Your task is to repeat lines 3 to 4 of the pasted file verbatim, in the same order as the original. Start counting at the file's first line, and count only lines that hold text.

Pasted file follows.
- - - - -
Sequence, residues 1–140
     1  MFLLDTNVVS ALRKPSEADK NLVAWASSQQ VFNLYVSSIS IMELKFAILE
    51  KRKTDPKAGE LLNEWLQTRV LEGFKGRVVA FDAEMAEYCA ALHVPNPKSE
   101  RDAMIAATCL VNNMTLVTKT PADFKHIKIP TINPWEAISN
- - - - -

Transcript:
    51  KRKTDPKAGE LLNEWLQTRV LEGFKGRVVA FDAEMAEYCA ALHVPNPKSE
   101  RDAMIAATCL VNNMTLVTKT PADFKHIKIP TINPWEAISN